The Annual Register of World Events: A Review of the Year, Volume 20

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Page 5 - ... religious factions, they seemed to be disarmed in my behalf of their wonted fury. My friends never had occasion to vindicate any one circumstance of my character and conduct: not but that the zealots, we may well suppose, would have been glad to invent and propagate any story to my disadvantage, but they could never find any which they thought would wear the face of probability. I cannot...
Page 266 - írinds, tenements, hereditaments, penfions, offices, and perfonal eftates, in that part of Great - Britain, called England, Wales, and the town of Berwick upon Tweed ; and that a proportionable cefs, according to the ninth article of the treaty of union, be laid upon that part of Great-Britain called Scotland, 1,500,000!.
Page 115 - Then plunge under it with your eyes open, throwing yourself towards the egg, and endeavouring by the action of your hands and feet against the water to get forward till within reach of it. In this attempt you will find that the water buoys you up against your inclination; that it is not so easy a thing to sink as you imagined; that you cannot but by active force get down to the egg.
Page 142 - Hones had formerly been dug; and that it would have been no difficult matter to roll them down the hill after they were formed. I think this a very reafonable conjecture ; and have no doubt that it has been fo.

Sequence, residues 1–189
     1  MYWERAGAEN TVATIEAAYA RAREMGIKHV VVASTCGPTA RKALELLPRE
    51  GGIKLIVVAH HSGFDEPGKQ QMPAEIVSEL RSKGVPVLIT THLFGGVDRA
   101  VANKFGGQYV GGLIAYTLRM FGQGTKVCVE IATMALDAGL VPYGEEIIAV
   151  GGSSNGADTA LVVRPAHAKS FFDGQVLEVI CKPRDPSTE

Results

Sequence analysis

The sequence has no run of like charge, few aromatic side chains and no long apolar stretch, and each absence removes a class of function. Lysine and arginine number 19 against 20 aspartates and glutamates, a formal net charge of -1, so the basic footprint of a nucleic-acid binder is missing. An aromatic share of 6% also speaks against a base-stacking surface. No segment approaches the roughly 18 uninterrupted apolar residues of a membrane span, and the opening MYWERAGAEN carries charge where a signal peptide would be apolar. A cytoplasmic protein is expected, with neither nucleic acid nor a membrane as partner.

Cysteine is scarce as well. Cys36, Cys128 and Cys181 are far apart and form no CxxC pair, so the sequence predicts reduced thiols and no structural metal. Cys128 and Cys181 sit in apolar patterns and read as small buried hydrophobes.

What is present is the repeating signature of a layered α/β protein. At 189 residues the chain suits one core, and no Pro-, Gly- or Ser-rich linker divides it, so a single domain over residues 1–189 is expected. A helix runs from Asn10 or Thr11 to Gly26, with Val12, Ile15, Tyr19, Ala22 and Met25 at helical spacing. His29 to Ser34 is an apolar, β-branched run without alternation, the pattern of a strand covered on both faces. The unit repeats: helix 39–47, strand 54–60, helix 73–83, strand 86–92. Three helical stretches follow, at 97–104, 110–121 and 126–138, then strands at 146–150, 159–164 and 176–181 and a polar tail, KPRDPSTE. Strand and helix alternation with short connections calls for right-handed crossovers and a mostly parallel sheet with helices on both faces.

Page 78 - ... both capital and profit. They are the projects, therefore, to which of all others a prudent lawgiver, who...
Page 304 - My very slender fortune, however, being unsuitable to this plan of life, and my health being a little broken by my ardent application, I was tempted, or rather forced, to make a very feeble trial for entering into a more active scene of life. In 1734, I went to Bristol, with some recommendations to eminent merchants, but in a few months found that scene totally unsuitable to me.
Page 197 - Turn to learning and gaming, religion and raking. With the love of a wench, let his writings be chaste ; Tip his tongue with strange matter, his pen with fine taste ; That the rake and the poet o'er all may prevail, Set fire to the head, and set fire to the tail.
Page 2 - I confess, discouraged; and had not the war been at that time breaking out between France and England, I had certainly retired to some provincial town of the former kingdom, have changed my name, and never more have returned to my native country. But as this scheme was not now practicable, and the subsequent volume was considerably advanced, I resolved to pick up courage and to persevere.
Page 259 - the necessity of preventing the American trade from passing into foreign Channels.
Page 79 - That there may be a continent, or large tract of land, near the Pole, I will not deny; on the contrary I am of opinion there is; and it is probable that we have seen a part of it.

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